jenna: that's what happened today. you have a chief saying iran will not repeat its warning. i recommend and emphasize to the american carrier not to return to the persian gulf. what happens if we do? >> well, this is a debate. i think they might have miss calculated. back in the late 1980s there was a so-called tanker war and we handed the iranians a very stunning defeat in the space of about a day. their naval assets are very weak. they could mine the strait of hormuz, but it would be a conflict with the best navy in the world. our fifth fleet is right there in bahrain. jenna: are we ready for that. >> the captains and mad rals i speak with say they are prepared for it all the time. we are developing a green-power navy. we have a very powerful and effective navy. the iran kwraeupbs would be foolish to pick this might. jenna: the army chief calling us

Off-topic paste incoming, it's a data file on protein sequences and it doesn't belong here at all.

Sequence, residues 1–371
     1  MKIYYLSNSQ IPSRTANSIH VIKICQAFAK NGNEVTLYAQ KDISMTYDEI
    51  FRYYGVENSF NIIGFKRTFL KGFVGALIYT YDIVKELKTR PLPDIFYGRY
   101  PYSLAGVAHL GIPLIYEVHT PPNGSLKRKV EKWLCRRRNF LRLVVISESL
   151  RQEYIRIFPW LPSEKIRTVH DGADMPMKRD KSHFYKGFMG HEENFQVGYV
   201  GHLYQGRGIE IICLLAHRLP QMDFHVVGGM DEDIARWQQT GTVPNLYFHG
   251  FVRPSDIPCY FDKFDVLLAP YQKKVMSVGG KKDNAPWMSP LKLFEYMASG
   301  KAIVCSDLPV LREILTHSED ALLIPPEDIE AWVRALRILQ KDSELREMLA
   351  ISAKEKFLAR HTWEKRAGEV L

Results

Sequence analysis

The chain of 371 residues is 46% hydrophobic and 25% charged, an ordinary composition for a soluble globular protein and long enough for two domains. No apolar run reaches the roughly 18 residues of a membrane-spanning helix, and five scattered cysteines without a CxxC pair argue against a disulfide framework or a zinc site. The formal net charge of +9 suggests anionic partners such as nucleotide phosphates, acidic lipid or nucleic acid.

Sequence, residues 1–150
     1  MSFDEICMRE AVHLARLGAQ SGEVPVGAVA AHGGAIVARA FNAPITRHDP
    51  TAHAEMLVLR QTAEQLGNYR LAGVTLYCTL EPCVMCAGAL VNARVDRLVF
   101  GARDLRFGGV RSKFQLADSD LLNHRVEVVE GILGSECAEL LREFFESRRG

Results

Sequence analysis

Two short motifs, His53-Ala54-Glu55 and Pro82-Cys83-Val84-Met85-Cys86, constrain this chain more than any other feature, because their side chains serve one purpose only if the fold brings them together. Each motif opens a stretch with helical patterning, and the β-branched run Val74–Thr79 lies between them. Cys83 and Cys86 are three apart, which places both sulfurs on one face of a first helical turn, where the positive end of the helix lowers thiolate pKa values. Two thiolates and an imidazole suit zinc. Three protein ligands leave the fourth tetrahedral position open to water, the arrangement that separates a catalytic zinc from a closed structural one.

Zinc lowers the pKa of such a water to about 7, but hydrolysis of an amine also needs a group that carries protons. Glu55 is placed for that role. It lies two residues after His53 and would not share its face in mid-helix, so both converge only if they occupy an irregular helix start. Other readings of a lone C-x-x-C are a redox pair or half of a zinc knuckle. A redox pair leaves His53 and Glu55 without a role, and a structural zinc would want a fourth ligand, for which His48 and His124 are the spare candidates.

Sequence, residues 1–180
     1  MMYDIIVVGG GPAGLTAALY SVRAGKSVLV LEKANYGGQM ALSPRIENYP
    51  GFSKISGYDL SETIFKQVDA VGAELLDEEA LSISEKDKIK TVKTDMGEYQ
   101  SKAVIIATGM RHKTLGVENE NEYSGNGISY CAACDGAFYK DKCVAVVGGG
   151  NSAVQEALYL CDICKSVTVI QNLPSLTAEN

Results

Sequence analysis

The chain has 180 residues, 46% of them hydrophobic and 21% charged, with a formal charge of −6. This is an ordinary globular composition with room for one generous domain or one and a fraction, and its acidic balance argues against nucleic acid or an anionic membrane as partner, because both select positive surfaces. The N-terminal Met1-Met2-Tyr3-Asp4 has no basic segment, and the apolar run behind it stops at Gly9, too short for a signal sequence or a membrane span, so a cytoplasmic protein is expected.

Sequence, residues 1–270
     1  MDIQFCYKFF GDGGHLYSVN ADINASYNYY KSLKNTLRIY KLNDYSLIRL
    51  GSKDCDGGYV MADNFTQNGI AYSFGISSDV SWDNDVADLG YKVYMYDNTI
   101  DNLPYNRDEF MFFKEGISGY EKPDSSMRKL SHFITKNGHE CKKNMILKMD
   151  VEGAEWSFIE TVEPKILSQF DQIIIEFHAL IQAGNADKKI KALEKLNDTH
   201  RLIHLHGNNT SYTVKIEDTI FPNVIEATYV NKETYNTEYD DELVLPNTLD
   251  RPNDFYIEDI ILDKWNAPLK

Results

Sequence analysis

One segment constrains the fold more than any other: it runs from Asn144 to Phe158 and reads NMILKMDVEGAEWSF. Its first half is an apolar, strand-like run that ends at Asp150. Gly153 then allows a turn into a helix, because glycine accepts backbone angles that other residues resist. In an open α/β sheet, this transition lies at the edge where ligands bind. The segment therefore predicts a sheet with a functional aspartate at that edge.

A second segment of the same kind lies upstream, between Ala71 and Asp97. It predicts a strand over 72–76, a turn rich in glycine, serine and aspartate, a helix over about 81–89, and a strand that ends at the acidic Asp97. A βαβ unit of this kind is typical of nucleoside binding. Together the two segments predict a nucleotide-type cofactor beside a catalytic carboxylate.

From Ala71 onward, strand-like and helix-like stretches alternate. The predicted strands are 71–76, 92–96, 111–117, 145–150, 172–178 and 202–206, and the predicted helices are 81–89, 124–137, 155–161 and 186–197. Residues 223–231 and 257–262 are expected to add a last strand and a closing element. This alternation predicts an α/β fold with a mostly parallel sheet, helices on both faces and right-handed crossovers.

the enemy. when we do news report i don't call it the enemy. we call it the rogue nation for something like that. in talking about this policy, even between policy advisers and candidates, and the politicians have we done a good enough job of really explaining who the enemy is? >> well i don't think we v have. remember this is reminiscent of al-qaida. osama bin laden formally declared war again the united states long before 9/11 and we treated it as not a particularly serious threat before it was too late. iran has been waging war against the west for the 32 years of this regime. until now we haven't taken that seriously. we'll have to pay a proeus for that especially if iran aeu inquires a nuclear weapon. jenna: i look forward to having you back to talk about the tour. mahmoud ahmadinejad is on the move.